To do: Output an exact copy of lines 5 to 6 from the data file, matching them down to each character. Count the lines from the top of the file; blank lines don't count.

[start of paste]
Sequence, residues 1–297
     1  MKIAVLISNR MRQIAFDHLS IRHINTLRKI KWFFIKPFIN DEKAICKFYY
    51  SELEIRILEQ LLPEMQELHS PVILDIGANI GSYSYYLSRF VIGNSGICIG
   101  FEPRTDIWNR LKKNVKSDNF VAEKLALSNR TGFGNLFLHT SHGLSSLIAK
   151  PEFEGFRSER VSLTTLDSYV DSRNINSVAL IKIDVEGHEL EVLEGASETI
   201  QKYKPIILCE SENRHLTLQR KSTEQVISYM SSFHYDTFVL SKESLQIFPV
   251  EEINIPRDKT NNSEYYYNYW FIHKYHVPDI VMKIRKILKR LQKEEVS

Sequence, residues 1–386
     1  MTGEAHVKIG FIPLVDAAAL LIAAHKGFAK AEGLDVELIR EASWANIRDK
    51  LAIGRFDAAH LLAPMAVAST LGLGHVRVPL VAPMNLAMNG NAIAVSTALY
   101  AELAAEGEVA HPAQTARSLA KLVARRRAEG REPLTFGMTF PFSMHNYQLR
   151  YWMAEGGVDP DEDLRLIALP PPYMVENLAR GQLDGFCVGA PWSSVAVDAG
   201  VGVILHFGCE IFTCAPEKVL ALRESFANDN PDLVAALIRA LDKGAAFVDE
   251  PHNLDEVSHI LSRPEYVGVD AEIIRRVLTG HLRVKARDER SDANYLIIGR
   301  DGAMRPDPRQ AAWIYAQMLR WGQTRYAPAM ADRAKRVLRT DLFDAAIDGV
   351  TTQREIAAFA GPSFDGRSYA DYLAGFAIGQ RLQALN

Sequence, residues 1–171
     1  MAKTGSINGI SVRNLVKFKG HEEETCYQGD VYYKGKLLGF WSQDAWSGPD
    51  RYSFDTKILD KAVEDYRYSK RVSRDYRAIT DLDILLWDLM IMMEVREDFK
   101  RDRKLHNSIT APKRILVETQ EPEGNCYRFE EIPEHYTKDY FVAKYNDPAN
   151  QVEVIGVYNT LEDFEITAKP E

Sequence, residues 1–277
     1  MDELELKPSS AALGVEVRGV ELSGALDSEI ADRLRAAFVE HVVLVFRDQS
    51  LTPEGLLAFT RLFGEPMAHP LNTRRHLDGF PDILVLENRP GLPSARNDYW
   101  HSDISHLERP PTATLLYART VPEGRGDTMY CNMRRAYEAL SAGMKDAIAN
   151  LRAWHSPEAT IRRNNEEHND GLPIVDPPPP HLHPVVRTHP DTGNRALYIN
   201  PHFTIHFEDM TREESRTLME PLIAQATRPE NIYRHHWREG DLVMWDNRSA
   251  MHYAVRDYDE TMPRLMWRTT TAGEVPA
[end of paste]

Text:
   151  PEFEGFRSER VSLTTLDSYV DSRNINSVAL IKIDVEGHEL EVLEGASETI
   201  QKYKPIILCE SENRHLTLQR KSTEQVISYM SSFHYDTFVL SKESLQIFPV